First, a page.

Started 2 Kings today. No summary needed because 1 and 2 Kings are pretty much one book. In fact, I hardly noticed we had made a transition until the fact of Elijah's being taken up tickled some neurons.
The King of Israel after Ahab was Ahaziah. He was destined to die because his father had sinned against God. He morally injured himself falling through the latticework of an upper room of his palace. Being somewhat interested in the architecture of the home, the description of Ahaziah's injury made me wonder about the home in ancient Israel. What were the living quarters of palaces like? What were common homes like? Did they follow the typical Mideastern/Mediterranean courtyard plan, favored for it's cool interior? How were they arranged within the community? Were homes clustered or spread out? Make me want to reread The House: Its Origins and Evolution. Anywho, that's completely beside the point of today's readings.
God decides to let Ahaziah die because he has the presumption to try to ask another God whether or not he will live. Elijah is referred to as "Elijah from Tishbe" as if there's some other Elijah we might get him confused with. The fire of God, summoned by Elijah, kills 100 men who were doing nothing more than following the king's orders (and not even being that pushy about it); Elijah didn't let up on the killing until the king's captain groveled.
After this, Elijah is taken into heaven by a whirlwind accompanied by a chariot of fire. Jesus didn't get anything as cool as that. Elisha inherits Elijah's power. He immediately uses it for some good (purifying the water in the town of Jericho) and then some bad (killing 42 children who made fun of him). If the text supported it at all, it would be so easy to frame this in terms of Elisha getting use to his power; he does not realize how much power his curses have now and so unintentionally murders the children. Instead, it appears that he is just a jerk with power (but he's God's jerk with power, so it's all okay, right?).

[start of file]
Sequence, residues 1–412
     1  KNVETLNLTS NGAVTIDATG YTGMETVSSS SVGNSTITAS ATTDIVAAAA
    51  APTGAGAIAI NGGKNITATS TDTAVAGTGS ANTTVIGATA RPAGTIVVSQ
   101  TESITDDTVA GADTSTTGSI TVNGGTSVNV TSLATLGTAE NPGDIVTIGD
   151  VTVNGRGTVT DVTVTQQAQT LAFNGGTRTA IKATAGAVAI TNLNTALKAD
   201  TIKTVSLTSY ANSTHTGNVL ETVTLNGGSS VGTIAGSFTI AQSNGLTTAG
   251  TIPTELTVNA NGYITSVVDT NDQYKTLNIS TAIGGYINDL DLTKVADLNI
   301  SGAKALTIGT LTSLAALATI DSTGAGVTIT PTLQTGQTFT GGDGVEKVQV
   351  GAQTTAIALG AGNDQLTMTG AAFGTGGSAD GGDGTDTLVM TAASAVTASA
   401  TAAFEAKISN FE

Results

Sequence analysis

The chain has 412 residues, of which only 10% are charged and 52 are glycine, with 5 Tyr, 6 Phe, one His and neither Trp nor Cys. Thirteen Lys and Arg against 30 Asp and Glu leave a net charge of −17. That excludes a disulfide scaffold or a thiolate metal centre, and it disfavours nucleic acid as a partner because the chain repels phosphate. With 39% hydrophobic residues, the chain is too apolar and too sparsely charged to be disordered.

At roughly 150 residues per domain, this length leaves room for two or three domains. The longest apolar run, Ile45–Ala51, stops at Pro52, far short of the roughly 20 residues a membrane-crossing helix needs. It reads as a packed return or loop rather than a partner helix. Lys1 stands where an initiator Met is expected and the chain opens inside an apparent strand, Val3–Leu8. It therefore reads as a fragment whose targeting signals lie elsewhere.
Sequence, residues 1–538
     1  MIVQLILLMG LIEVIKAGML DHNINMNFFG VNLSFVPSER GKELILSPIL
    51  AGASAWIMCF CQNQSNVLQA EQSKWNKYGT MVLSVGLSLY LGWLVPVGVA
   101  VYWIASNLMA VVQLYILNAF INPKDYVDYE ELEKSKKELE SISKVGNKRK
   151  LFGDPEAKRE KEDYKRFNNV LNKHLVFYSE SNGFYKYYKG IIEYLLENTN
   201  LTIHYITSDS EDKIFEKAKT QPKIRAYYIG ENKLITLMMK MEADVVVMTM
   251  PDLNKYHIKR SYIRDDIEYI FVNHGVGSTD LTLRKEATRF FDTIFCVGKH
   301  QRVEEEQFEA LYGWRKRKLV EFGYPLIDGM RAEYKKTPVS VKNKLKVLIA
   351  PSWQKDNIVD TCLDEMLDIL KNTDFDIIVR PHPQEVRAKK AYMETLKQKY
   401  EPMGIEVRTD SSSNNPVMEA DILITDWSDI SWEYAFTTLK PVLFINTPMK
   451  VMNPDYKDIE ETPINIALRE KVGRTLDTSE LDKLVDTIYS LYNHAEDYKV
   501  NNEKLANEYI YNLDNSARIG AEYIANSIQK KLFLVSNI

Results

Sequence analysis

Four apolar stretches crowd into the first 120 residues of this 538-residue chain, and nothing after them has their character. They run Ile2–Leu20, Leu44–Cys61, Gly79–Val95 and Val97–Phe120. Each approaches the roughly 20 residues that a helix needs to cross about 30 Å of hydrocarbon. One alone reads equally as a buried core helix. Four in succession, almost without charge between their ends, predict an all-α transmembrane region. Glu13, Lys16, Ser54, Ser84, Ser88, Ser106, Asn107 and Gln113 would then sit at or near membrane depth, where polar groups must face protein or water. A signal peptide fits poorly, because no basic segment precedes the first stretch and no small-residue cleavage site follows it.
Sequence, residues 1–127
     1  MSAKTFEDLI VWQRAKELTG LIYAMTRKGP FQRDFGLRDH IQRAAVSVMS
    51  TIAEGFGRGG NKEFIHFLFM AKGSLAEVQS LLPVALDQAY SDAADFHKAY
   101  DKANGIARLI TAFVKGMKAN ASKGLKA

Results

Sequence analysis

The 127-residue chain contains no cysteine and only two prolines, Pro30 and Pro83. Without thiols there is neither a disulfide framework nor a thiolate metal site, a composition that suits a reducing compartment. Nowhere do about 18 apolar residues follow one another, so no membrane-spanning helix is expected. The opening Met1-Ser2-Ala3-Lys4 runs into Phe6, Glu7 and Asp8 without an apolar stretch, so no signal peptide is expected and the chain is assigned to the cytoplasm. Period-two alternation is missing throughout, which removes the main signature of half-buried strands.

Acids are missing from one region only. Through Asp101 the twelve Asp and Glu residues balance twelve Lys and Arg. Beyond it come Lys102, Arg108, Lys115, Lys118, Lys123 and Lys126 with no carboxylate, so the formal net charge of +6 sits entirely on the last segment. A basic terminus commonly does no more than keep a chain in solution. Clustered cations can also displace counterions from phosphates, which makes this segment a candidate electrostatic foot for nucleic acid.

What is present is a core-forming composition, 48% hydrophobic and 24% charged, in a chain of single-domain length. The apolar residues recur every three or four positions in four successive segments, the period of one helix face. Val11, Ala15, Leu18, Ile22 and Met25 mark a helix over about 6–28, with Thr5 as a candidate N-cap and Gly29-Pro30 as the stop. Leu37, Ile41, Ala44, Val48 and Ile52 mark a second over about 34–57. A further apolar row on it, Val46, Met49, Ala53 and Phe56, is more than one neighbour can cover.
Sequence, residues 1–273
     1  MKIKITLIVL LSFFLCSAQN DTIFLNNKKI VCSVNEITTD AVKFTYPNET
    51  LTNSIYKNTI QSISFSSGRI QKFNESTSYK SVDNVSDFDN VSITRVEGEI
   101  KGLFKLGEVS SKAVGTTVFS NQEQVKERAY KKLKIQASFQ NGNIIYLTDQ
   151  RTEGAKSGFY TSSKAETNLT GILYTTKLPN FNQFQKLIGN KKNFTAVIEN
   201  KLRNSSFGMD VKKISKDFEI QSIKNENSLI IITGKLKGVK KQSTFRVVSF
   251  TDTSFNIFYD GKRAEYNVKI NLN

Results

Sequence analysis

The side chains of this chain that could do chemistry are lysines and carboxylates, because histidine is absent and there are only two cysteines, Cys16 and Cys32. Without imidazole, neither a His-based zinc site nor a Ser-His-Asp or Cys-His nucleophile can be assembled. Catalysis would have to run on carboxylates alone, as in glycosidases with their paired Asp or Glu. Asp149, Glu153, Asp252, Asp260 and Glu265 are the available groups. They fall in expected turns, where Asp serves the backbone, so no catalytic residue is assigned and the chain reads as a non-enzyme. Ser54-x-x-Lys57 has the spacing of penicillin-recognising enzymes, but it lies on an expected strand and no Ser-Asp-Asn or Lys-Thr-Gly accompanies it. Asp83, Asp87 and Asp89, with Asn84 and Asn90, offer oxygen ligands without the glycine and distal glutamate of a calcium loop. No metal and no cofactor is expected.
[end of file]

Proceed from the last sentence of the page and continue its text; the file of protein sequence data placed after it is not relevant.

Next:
Today's reading is easy to sum up: Paul and Barnabas preach to the Gentiles as well as the Jews. Some Jews resent that and acted against them. The reading does contain this interesting line:
and all who were chosen for eternal life became believers.One point for predestination, I suppose.
Psalms and Proverbs
Today's psalm talks about how God knows you completely and knows everything you do. Super inspiring to believers, I can guess, but super creepy to the rest of us.
I am intrigued by today's first proverb:
Anyone who loves to quarrel loves sin;Looking at the different translations, this is obviously a difficult proverb. To me, this makes the most sense if it is understood metaphorically. The one verse on that link which translates this metaphorically (which, it's worth noting, claims to be from the same translation I am reading) as well as the text notes on the first translation imply that this should be taken as boasting inviting disaster. This is obviously not a metaphor in usage in the US these days. But I find it interesting that there is a metaphorical interpretation that makes sense in modern US metaphor (and is, therefore, almost certainly completely divorced from the actual text): high walls could be seen as cutting oneself off emotionally.
anyone who trusts in high walls invites disaster.